In the engineering courses, which are taught separately from the math courses, there will be some focus on the application of math to solving particular problems in a given field of engineering. Each brand of engineering has some core calculations which must be understood by the student and applied in his work after he graduates and starts practicing as an engineer. There will also be some overlap, but usually not too much, which is why civil engineers are different from mechanical engineers are different from electrical engineers, etc.
 
  • #10
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Precisely my point. If you read my OP, you will see that that is exactly what I observed. There is virtually no difference between 'engineering' and 'science' math books in general, so, why stereotype them as such?

You seem to labor under the impression that there is one thing called "engineering" math and something else called "physics" math.

It's all the same math. Engineering students learn complex analysis just like the physics students do. Which group will wind up using complex analysis more after graduation? Probably the newly minted physicists, unless the engineering students decide on post graduate work.

In the engineering courses, which are taught separately from the math courses, there will be some focus on the application of math to solving particular problems in a given field of engineering. Each brand of engineering has some core calculations which must be understood by the student and applied in his work after he graduates and starts practicing as an engineer. There will also be some overlap, but usually not too much, which is why civil engineers are different from mechanical engineers are different from electrical engineers, etc.
 
  • #11
SteamKing
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Precisely my point. If you read my OP, you will see that that is exactly what I observed. There is virtually no difference between 'engineering' and 'science' math books in general, so, why stereotype them as such?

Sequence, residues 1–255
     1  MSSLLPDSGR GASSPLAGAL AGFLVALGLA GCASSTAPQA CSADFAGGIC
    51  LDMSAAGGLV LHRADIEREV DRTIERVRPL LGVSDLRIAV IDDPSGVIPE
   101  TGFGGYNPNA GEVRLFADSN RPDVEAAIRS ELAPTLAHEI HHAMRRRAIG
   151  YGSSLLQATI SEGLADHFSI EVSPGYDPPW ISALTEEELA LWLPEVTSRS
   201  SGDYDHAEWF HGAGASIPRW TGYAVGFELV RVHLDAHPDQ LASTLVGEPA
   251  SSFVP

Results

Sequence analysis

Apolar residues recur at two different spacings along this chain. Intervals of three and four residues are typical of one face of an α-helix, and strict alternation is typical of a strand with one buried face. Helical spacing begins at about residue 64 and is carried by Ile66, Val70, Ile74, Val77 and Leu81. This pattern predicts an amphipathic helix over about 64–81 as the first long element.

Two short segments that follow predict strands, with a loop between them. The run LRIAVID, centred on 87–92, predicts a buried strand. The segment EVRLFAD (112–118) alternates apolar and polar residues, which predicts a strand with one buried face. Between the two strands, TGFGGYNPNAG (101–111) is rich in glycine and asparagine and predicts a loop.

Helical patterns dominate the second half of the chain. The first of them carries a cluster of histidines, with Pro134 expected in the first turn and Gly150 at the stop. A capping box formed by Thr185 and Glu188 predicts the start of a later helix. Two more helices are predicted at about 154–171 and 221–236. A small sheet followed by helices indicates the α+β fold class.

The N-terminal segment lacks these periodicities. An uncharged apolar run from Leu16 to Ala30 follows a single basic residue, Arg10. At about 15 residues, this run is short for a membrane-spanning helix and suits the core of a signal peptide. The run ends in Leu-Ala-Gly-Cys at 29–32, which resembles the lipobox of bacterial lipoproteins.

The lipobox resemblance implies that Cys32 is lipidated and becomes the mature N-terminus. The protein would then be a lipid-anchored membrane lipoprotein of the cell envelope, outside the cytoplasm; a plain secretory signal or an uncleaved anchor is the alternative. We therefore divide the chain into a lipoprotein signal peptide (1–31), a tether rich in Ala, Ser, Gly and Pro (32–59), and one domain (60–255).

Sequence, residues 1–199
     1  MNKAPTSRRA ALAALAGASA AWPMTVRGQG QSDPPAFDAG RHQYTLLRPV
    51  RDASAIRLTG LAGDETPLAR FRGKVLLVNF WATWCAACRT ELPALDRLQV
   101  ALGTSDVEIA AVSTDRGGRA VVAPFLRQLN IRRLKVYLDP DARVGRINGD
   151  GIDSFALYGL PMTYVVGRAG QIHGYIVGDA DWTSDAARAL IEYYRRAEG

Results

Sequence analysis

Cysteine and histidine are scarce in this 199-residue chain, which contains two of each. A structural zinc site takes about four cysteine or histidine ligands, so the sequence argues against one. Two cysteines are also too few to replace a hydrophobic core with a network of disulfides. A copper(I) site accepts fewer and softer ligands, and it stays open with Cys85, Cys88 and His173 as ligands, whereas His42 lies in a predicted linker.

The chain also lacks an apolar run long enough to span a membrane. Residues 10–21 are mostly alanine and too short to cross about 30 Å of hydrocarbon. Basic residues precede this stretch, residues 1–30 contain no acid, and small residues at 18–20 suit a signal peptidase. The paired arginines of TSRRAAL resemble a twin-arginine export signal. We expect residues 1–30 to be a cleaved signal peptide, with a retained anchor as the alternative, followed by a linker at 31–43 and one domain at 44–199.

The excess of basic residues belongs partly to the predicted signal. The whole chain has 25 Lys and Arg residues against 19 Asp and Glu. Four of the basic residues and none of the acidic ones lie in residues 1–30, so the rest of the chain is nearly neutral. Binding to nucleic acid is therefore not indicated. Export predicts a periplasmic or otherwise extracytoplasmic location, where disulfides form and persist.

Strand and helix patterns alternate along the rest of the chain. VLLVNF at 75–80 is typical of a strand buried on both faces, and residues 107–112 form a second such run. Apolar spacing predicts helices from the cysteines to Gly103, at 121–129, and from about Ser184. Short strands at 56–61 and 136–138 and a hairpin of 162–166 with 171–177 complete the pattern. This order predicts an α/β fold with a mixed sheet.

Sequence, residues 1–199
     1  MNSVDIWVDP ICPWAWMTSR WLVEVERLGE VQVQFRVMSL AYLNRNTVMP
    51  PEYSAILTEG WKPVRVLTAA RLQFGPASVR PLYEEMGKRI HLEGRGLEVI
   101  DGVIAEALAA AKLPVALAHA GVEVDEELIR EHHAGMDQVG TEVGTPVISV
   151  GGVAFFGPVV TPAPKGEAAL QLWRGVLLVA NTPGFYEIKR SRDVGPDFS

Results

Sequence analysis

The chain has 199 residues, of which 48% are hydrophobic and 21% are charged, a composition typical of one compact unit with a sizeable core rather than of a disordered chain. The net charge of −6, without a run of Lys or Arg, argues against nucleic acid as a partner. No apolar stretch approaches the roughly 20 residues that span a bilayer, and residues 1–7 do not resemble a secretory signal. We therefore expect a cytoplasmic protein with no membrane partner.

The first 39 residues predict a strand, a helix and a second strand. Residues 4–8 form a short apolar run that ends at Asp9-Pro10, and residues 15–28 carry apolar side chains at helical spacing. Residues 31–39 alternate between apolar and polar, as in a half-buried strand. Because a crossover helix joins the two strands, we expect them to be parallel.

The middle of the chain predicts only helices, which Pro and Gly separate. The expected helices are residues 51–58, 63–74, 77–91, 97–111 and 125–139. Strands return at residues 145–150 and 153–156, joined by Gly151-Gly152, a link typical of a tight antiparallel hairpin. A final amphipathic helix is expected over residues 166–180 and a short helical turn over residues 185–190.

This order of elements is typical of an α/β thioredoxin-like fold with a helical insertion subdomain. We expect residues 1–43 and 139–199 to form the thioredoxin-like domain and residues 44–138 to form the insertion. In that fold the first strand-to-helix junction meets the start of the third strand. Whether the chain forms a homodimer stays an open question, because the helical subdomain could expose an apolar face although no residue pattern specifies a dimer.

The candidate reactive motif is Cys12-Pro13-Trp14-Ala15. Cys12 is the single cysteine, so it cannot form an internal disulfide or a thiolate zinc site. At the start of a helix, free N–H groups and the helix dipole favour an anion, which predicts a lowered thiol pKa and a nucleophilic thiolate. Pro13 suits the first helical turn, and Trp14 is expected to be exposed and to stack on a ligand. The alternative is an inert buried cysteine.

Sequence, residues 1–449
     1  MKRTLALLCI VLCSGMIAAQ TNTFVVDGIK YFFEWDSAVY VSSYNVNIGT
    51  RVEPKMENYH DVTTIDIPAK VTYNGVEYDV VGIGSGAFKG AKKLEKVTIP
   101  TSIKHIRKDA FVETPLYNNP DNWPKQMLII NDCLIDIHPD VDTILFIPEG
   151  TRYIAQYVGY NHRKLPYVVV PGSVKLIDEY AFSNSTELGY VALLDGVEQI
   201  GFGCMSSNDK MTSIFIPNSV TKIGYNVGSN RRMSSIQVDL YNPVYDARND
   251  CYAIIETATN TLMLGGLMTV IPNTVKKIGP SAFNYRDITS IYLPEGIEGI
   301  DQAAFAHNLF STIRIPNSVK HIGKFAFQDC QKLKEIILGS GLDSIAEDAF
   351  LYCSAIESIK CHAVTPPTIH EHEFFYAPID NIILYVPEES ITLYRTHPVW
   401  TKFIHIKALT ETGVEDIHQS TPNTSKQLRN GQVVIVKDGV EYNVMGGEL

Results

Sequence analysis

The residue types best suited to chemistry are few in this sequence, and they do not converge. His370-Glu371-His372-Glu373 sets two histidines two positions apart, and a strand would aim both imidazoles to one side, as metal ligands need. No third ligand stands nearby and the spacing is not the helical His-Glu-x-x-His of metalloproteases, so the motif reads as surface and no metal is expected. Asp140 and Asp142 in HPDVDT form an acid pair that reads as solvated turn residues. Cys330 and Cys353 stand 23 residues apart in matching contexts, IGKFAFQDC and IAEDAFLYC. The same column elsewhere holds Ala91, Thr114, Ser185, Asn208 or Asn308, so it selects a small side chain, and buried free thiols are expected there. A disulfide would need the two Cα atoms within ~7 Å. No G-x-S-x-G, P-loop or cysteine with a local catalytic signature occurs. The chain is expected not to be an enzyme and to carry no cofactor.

The textbook market is a very lucrative one for the big publishing houses. They can take the same basic material and repackage it for use in different courses by making a few cosmetic changes, slapping on a different title, whatever. It's 90% perception, 10% reality.
 
  • #12
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The textbook market is a very lucrative one for the big publishing houses. They can take the same basic material and repackage it for use in different courses by making a few cosmetic changes, slapping on a different title, whatever. It's 90% perception, 10% reality.
I hear you.
 
  • #13
Thanks. So, physics is more application (problem solving) based and engineering is more theory? I would have thought just the opposite.
There is a reason why engineering is called applied physics, and in engineering, besides other techniques, a hell lot of numerical analysis is also used.........back to the original question, I have read both engineering math and math methods for physics and I have found them quite similar, in fact, math methods books often put exercises from engineering background.
 
  • #14
Ssnow
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So, are you saying that the nature of problems and exercises are different between mathematical methods for science and and engineering mathematics book and and the theory is the same?
mathematical methods for science and engineering mathematics book sometimes can have similar topics in common (not exactly the same ... )